For a number of years, high-volume gate-array manufacturers such as Altera (San Jose, CA, USA; www.altera.com) and Xilinx (San Jose, CA, USA; www.xilinx.com) have offered intellectual property to their customers as a means of speeding the development of FPGA-based systems. Notably, these companies offer a number of different intellectual-property products such as JPEG, MPEG, and H.264 encoders and decoders targeted toward the lucrative broadcast and surveillance markets.
In the machine-vision market, however, one of the most successful suppliers of intellectual property is Pleora Technologies (Kanata, ON, Canada; www.pleora.com), a company whose iPORT series of Gigabit Ethernet (GigE) connectivity products can be found in more than 90% of today’s commercially available GigE Vision-based cameras. Recently, at The Vision Show in Boston, MA, USA, the company unveiled its third-generation in-camera internet protocol (IP) engine, a 42 × 42-mm board known as the iPORT NTx-Mini developed for small form-factor cameras.
Consuming 1.45 W, the NTx-Mini consists of a main board that interfaces to an optional AdaptRBoard and FlexEBoards. While the main board manages the conversion of imaging data to IP packets at 1 Gbit/s, the AdaptRBoard provides TTL GPIO and RS-232 capability. Power and programmable-logic-controller functions are provided by the optional FlexEBoard.
Seeing the success of Pleora’s GigE products, other companies are also looking to enter the market, most notably GigaLinx (Hod-Hasaron; Israel; www.gigalinx.net), which also chose the show to demonstrate an in-camera IP engine called the GigE Connect EM2-1000T IP Engine. Like Pleora’s products, the EM2-100T is designed to enable industrial cameras to take advantage of a ready-made IP engine specifically developed for industrial cameras.
Integrating both a camera power supply and the GigE engine in a single board, the EM2-1000T directly interfaces to a CCD/CMOS image sensor board, allowing camera developers to offer two-board camera configurations. GigaLinx chose the show to demonstrate a 1.8-W power consumption, 40 × 55-mm footprint prototype camera based on a 30-frame/s VGA image sensor from Micron Technology (Boise, ID, USA; www.micron.com) to highlight the capability of the interface. According to Yuval Nahum, vice president of sales and marketing at GigaLinx, the product will be offered as a full-scale reference design to interested camera manufacturers.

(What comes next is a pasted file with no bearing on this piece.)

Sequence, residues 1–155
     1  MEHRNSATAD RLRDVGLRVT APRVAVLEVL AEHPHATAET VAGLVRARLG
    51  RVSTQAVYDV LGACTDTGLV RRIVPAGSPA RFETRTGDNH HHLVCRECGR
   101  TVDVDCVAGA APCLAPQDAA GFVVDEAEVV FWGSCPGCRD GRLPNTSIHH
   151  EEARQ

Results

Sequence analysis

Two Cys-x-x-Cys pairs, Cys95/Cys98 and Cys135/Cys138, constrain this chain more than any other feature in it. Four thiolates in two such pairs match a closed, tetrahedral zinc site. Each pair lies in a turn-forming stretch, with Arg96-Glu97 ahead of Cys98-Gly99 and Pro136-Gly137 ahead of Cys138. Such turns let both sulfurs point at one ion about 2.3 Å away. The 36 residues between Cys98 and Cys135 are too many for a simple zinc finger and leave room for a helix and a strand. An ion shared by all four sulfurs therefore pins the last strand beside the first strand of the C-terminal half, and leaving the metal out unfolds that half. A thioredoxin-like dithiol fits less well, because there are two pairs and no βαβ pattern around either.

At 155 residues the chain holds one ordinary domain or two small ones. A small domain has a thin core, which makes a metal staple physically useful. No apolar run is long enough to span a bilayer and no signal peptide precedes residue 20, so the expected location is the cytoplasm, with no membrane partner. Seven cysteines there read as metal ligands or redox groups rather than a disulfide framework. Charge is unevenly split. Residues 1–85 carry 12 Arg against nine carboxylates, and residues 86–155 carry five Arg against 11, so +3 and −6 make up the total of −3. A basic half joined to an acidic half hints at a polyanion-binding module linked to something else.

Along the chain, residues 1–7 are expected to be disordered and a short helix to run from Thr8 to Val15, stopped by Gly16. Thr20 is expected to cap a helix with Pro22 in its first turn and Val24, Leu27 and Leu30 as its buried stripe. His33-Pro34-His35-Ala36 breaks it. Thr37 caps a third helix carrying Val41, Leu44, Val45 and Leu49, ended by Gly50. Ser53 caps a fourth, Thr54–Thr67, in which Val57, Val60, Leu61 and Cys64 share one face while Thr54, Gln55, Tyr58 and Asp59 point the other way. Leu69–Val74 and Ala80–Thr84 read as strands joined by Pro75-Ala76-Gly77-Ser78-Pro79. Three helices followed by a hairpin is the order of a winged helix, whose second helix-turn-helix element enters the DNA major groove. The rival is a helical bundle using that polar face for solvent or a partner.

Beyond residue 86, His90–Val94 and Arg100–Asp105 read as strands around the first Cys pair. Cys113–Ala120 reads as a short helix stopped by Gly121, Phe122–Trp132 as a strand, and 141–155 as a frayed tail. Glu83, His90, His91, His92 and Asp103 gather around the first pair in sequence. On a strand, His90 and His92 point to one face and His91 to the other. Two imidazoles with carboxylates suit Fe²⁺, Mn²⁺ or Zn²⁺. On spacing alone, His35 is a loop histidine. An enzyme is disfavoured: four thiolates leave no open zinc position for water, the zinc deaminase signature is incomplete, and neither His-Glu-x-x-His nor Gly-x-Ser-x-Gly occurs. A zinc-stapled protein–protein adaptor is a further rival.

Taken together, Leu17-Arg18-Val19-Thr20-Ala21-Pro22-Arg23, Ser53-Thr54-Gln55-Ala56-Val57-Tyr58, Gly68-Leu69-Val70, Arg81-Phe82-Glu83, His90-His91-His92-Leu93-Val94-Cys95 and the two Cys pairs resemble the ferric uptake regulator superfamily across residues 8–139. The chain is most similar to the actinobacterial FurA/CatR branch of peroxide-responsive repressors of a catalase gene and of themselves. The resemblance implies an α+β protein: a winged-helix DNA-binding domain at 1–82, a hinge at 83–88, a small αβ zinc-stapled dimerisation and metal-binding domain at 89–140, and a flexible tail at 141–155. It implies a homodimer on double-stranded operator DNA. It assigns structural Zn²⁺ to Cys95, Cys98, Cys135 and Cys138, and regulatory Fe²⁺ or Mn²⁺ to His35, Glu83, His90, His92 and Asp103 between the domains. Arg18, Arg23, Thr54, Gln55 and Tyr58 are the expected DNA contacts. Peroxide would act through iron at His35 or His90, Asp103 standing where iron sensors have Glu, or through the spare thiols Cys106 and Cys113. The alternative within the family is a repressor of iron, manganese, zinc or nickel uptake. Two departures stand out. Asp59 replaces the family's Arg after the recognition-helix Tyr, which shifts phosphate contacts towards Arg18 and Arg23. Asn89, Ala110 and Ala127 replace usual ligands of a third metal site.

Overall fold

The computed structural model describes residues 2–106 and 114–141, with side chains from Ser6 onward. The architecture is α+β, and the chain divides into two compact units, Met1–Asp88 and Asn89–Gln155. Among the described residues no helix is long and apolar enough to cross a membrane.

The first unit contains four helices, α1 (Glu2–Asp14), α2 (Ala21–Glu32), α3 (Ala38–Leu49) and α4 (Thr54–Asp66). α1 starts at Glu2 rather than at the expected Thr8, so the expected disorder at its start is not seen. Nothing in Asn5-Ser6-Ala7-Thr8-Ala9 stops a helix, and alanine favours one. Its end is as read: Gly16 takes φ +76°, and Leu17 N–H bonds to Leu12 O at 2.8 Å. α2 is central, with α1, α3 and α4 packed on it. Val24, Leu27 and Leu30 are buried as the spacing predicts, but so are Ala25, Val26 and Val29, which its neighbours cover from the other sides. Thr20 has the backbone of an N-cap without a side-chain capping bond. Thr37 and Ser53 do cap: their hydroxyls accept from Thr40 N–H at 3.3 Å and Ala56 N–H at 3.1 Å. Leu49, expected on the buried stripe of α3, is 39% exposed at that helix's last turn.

While companies such as Pleora and GigaLinx pursue development of camera interface standards, others are looking to leverage the same idea to perform sensor interfacing and image-processing functions for camera designs. Although not exhibited at The Vision Show, camera front-end intellectual property from Bitec (Chippenham, UK; www.bitec.ltd.uk) allows camera developers to interface CMOS and CCD cameras to an Altera FPGA (see Fig. 1). Using a line buffer, the interface is designed to provide an interface between the camera and a back-end processor. As the line-buffer automatically adapts to the camera resolution, the back-end application can resize or window the image in real time. A Bayer demosaicing algorithm is then performed to produce an interpolated RGB output.
While such front-end interfaces provide a simple way to interface cameras to other circuitry, processing these images is a more complex task. Relatively unknown companies such as Apical Imaging (London, UK; www.apical-imaging.com), Digital Design Corporation (DDC; Arlington Heights, IL, USA; www.digidescorp.com), and Tenesix (Littleton, MA, USA; www.tenesix.com) are looking to fulfill a market need by developing intellectual property in the form of image-processing pipelines.
Based on proprietary algorithms, Apical image-processing pipeline functions include dynamic range correction, color processing, image sharpening, and noise reduction. While many of these algorithms are found in consumer-based products, they will also find use in security and defense applications where image enhancement algorithms are in great demand.
DDC has also developed intellectual property in the form on an image-processing pipeline known as the DDC FLIR. This allows developers to build a complete embedded camera or image-processing product using either ASICs or FPGAs. This pipeline contains a number of image-processing functions that include decoders for digital and digitized analog video sources with de-interlacing, color space conversion, and rate adaptation an integrated DDR controller for performing rate conversion and an output encoder with color space conversion and gamma correction.
At The Vision Show, Arun Chaddha, president of Tenesix, showed camera vendors his latest FPGA-based image-processing pipeline (IPP), intellectual property that, says Chaddha, can be customized for medical imaging, surveillance, and 3-D sensing applications. Available for both Xilinx and Altera FPGAs, the IPP consists of an image processing pipeline and a display pipeline (see Fig. 2).
“This architecture,” says Chaddha, “allows a number of functions including gain and offset correction, demosaicing, gamma correction, smoothing, and sharpening to be performed at frame rates.” Customer-specific algorithms such as programmable filters and fixed and adaptive thresholding algorithms can be inserted in-between the sensor pipeline and the display pipeline. As the display pipeline uses external DDR2 memory, processed images can be synchronized to match DVI, VGA, S-Video, and composite video display formats. The pipeline is flexible enough to accommodate sensors with different resolutions and frame rates.